In the research of scientific and mathematical history, efficient skills in searching for and accessing old academic journals (preferably for free) are essential. However, even when using platforms like Internet Archive or Google Books, it's often difficult for me to find what I'm looking for, and even if I do find it, full-text access might not be available. Then, when I ask for help on this forum, someone always manages to find what I need. Is there some trick I'm unaware of?

For instance, right now I'm trying to find a pioneering paper from 1926 published in Germany titled "Winkelvariable und Kanonische Transformationen in der Undulationsmechanik," which applies Hilbert space theory to quantum mechanics. The bibliographic information is Zs. f. Phys., 40, 193-210 (1926), but I'm having trouble locating it.

By the way, I recently asked for help finding another paper by the same author in the preceding issue of the journal on this forum, and several people found it for me. Where does this difference in skill come from? Please, I'd like to know the trick.

  • 2
    $\begingroup$ The New York Public Library's reference service, AskNYPL, is famed for the skills of its personnel in tracking down difficult or obscure volumes. While not a definitive resource, they are a useful tool to know and leverage. May require an NYPL id but as a public institution, the barriers to obtaining one are very low. nypl.org/ask-nypl/about $\endgroup$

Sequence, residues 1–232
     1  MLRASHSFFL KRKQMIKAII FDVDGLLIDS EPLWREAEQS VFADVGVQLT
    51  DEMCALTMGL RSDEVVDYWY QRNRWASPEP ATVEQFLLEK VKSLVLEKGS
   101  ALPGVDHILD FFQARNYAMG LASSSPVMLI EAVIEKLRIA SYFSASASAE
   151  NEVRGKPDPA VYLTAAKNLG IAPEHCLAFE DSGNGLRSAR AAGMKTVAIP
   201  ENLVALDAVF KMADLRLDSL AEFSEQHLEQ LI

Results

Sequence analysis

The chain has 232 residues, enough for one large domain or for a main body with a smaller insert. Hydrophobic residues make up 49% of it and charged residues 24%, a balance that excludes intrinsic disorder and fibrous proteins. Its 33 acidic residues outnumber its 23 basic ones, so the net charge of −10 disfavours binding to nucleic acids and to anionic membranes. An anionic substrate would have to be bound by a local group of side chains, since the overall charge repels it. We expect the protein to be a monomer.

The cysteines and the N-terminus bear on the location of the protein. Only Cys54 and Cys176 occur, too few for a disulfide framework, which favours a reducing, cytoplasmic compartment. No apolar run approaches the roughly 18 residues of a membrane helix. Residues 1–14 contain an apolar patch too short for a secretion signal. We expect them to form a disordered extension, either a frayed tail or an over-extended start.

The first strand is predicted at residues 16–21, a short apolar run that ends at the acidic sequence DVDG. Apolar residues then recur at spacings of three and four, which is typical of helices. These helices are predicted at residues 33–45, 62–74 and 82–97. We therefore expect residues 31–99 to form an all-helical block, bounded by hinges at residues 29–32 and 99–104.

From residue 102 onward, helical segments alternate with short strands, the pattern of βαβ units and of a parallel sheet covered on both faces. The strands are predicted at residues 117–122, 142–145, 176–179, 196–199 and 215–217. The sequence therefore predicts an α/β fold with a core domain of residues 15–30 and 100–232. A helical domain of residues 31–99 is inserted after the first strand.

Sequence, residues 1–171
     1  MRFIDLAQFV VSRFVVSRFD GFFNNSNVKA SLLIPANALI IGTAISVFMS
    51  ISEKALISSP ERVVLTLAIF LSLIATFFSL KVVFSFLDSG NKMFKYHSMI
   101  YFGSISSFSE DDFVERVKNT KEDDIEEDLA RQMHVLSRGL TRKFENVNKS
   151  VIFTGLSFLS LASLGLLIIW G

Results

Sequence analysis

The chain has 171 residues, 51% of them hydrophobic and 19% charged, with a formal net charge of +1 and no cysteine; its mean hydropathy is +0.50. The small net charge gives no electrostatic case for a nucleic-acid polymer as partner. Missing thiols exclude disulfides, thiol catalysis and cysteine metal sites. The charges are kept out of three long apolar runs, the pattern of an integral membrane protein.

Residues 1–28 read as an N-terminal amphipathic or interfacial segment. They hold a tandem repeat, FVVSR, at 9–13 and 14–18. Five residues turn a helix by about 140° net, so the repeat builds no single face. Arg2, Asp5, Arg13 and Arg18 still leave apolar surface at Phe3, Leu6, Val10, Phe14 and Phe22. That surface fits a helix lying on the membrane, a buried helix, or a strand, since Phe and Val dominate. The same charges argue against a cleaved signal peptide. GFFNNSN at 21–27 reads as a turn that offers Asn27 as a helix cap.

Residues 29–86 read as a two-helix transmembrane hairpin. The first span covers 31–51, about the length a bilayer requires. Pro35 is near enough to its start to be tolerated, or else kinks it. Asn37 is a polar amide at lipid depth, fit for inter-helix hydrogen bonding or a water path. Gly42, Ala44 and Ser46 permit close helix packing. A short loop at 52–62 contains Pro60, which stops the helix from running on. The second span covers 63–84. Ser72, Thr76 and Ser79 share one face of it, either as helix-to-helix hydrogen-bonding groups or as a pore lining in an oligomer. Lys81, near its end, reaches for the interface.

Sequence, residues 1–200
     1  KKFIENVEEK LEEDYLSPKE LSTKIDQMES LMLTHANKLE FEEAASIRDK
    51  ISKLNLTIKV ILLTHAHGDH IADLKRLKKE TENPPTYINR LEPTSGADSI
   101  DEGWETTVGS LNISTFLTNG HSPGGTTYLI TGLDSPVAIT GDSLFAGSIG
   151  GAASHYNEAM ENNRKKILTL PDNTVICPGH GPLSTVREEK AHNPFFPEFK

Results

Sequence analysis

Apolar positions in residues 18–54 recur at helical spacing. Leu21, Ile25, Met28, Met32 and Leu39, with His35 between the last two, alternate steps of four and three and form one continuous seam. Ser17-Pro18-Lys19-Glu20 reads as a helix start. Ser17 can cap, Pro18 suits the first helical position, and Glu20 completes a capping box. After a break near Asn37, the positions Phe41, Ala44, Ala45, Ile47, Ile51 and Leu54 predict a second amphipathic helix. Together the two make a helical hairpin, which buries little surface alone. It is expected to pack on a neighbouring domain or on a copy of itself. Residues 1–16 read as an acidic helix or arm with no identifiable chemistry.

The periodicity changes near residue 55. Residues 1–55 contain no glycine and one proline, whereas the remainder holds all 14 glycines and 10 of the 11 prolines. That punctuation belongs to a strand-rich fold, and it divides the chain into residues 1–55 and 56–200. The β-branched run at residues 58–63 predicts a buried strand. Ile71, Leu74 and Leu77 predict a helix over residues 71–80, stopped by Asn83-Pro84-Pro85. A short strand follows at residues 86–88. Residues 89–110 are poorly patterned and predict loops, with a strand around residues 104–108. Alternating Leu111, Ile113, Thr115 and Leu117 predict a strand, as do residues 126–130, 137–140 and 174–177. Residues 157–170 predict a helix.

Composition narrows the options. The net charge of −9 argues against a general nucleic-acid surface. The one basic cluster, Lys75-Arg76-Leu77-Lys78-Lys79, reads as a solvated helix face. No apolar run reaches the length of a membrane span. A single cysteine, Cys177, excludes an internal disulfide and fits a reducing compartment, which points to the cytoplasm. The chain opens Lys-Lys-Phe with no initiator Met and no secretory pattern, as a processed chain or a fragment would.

– DJohnson
    Commented May 22 at 0:50
  • 3
    $\begingroup$ Others might not be using free services to find resources. That doesn't mean they are paying directly for those services. They could be affiliated with institutions that pay for those resources (e.g., library databases), and those institutions may be providing access to those resources to employees, faculty, students, etc. $\endgroup$ Commented May 22 at 4:53
  • 1
    $\begingroup$ The journal Zeitschrift für Physik is still available online, and I think the paper you're looking for is doi.org/10.1007/BF01400361 (from 1927). I guess the issue is that you don't have the subscription access? $\endgroup$
    – Anyon
    Commented May 24 at 4:44
  • $\begingroup$ I don’t, Anyon. $\endgroup$
    – enjin2000
    Commented May 24 at 8:05

5 Answers 5